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Saturday, May 28, 2011

University of Maine Photography Session

Yesterday we spent the entire day in the basement of the University of Maine's Anthropology/Folklore building. This place is more or less my dream playground equipped with labs, mechanized photo stations, a flint-knapping room, and a repository (aka The Cave) that holds the majority of Maine's artifacts. We had two goals for our work yesterday.

1) Photograph artifacts that were recovered from the Hirundo excavations and represent the cultural chronology of the site.

2) Sort through and scan slides from the original Hirudno excavations and field schools in the 1970's.

The photos we took and scanned will be used for an upcoming Hirundo Archaeology webpage and public lectures (i.e. Rebecca's a week from today!)

Here are some examples of artifact photos:

Ground Felsite Plummet, Archaic (9000-3000 BP)
Though the true purpose of these items remains uncertain, it is
hypothesized that they were used as weights for fishing.

Felsite Projectile Point, Middle Archaic

Chert Projectile Point, Late Archaic

 Ground Slate Projectile Point, Early-Middle Archaic

The early-mid Archaic period in Maine is partially complexing as chipped stone artifacts became vastly replaced by ground stone technology. In other words, people make tools by grinding instead of chipping. As soon as it came into place, ground stone technology suddenly transitioned back to chipped stone towards the end of the Archaic era. Some archaeologists argue a change in population caused a change in technology, others suggest the transition was merely a fad among a single culture.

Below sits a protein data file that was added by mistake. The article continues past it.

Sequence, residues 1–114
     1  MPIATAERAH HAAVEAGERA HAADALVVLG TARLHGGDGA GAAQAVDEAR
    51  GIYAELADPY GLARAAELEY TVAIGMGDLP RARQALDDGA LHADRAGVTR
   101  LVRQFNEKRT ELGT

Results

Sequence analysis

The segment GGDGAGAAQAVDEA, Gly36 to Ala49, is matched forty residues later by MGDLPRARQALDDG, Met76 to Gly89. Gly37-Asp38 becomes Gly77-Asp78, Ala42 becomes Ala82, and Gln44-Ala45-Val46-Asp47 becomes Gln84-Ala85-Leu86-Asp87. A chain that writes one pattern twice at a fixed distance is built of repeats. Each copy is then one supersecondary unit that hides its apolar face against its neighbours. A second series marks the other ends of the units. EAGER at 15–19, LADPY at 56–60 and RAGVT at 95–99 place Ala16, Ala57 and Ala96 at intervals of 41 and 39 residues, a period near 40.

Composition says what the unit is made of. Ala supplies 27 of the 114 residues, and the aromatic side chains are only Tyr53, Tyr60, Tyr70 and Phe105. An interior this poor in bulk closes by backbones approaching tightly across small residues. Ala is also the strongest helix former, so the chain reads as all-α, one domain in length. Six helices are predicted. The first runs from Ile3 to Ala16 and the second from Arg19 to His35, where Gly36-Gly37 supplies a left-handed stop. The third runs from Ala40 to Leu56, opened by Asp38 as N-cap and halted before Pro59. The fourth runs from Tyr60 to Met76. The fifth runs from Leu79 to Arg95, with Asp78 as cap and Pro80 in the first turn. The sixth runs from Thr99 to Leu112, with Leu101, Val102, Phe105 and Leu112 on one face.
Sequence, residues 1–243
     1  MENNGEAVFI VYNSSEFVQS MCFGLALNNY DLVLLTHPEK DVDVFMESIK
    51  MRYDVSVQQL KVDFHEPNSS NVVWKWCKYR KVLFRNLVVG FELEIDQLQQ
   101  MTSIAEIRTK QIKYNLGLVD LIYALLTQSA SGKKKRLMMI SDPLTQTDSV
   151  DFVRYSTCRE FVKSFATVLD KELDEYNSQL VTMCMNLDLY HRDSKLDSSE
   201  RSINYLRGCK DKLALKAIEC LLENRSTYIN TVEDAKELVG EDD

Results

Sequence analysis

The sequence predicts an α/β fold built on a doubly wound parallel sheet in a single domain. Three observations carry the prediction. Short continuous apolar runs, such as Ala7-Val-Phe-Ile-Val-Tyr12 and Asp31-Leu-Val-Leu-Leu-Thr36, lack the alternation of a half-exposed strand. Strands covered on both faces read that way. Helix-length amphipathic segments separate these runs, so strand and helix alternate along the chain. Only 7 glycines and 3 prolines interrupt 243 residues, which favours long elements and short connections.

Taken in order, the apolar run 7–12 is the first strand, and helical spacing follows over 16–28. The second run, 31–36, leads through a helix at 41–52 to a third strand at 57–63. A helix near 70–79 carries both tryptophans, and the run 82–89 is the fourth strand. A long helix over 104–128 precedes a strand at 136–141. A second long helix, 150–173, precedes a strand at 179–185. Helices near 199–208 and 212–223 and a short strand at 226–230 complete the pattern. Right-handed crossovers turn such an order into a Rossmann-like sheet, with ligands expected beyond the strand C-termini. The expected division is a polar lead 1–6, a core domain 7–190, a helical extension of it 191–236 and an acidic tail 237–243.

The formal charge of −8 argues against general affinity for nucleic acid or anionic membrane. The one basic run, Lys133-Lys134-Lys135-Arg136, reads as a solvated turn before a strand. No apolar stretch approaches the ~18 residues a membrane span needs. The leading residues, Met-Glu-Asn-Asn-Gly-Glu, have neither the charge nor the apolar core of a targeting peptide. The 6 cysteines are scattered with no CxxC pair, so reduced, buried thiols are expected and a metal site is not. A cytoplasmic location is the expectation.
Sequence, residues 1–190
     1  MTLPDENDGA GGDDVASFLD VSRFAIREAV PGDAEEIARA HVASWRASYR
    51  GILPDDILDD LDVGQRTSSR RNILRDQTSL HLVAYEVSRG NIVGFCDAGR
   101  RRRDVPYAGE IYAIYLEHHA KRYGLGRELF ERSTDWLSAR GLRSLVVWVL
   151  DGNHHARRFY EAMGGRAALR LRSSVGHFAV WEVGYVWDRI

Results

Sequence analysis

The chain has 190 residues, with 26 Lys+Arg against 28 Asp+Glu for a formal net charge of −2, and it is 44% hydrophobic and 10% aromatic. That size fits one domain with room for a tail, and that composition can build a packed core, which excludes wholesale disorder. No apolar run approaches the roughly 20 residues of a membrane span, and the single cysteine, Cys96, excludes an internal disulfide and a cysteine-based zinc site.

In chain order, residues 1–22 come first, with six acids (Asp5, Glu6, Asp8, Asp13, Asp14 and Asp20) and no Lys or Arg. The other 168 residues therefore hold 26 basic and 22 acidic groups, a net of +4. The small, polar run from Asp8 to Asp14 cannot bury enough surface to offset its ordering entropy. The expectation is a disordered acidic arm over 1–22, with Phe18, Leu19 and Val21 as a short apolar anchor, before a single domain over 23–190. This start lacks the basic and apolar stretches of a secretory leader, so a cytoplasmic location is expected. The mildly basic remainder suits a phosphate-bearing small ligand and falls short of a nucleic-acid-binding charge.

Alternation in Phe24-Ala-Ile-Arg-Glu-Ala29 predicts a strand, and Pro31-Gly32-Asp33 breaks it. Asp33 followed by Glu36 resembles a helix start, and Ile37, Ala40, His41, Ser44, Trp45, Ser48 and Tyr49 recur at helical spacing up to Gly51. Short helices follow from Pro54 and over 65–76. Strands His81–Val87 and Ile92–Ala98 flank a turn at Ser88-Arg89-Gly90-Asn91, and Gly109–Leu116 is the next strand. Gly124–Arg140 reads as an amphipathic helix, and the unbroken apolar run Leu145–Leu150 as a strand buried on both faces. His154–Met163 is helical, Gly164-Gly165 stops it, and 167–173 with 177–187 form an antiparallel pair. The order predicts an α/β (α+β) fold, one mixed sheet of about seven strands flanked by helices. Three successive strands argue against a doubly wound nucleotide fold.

Ground Slate Celt, Archaic
Axe Head or Chopping Tool (perhaps hafted to wood handle)

The chipped/groundstone technology change marks a large question mark across the spectrum of archaeology. What exactly does the transition mean? Does it suggest the incursion of a new population? Or, does it represent technology changing as it does today? Take for example computers: if an archaeologist identified 21st century humans by their computer preference we would mostly be broken up by Mac and PC users. Can you say that different computers identify unique cultural groups? Depending on what questions you are asking, it could be completely legitimate or absolutely inaccurate.

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